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Storytelling in OrganizationsFacts, Fictions, and Fantasies$
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Yiannis Gabriel

Print publication date: 2000

Print ISBN-13: 9780198290957

Published to Oxford Scholarship Online: October 2011

DOI: 10.1093/acprof:oso/9780198290957.001.0001

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Stories, Symbolism, and Culture

Stories, Symbolism, and Culture

Chapter:
(p.87) Chapter 4 Stories, Symbolism, and Culture
Source:
Storytelling in Organizations
Author(s):

Yiannis Gabriel

Publisher:
Oxford University Press
DOI:10.1093/acprof:oso/9780198290957.003.0005

This chapter locates storytelling within the cultural fabric of different organizations and examines what stories can tell researchers about these organizations and their cultures. The chapter offers further illustrations of interpretation, elaborating the relationship between the fantasy life of individuals and groups and an organization's cultural artefacts, such as stories, jokes, and symbols. The chapter concludes with a detailed discussion of one particular story, encountered in a navy training camp. This story is shown to be the point of convergence for a number of fantasies held by organizational participants. This chapter argues that certain fantasies, instead of integrating individuals and groups into the organization, enable participants to distance themselves from it by presenting the organization as an object of derision and disparagement. Organizational culture and its artefacts equip the individual with protective armour against the type of misfortune and suffering that characterize contemporary organizations. Organizational culture, like all culture, has a consolatory function, compensating for the frustrations of life in organizations.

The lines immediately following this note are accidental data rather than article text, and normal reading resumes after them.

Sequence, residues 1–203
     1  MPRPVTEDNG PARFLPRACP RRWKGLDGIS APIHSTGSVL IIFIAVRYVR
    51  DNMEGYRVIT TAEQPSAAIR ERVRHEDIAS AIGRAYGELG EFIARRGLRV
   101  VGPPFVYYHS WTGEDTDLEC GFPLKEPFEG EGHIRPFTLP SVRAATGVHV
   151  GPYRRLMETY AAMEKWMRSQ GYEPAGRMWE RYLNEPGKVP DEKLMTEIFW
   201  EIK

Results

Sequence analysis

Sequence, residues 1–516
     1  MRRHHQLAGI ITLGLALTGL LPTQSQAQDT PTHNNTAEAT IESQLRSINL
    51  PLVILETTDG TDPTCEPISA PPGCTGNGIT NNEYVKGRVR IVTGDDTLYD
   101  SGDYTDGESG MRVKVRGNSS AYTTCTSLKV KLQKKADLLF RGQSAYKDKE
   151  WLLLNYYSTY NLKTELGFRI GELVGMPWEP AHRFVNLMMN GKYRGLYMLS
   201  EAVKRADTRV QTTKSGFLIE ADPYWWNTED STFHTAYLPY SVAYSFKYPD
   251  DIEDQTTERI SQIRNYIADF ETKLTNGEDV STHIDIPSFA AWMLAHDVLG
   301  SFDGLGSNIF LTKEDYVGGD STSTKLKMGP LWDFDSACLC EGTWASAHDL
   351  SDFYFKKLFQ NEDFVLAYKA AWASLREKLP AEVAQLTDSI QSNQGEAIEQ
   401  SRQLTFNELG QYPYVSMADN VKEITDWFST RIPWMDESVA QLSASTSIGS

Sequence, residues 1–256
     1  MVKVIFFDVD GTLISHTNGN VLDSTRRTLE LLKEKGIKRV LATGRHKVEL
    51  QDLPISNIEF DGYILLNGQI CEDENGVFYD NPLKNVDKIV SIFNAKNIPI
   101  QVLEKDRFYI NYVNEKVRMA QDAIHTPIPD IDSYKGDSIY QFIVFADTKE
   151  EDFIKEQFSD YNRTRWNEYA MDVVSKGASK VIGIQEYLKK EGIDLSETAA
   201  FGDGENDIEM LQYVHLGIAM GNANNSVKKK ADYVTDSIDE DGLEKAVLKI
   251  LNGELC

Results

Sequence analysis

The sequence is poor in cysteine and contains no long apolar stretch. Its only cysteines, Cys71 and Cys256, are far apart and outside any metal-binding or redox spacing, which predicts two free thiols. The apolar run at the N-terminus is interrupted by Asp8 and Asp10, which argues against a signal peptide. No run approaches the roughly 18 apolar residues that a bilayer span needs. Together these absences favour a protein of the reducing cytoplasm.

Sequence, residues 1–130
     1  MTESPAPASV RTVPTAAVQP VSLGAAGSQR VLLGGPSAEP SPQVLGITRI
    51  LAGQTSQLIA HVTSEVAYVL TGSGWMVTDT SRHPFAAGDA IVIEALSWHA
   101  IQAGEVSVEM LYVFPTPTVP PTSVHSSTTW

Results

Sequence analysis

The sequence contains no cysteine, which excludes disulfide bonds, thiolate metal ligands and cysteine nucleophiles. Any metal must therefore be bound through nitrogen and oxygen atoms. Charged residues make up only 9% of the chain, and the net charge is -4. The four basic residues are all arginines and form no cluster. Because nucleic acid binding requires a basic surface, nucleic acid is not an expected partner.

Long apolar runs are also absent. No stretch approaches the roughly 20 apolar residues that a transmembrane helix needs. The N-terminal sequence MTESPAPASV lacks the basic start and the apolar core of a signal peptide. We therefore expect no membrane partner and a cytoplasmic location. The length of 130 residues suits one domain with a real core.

Keywords:   storytelling, consolation, fantasy, stories, jokes, symbols, organizational culture

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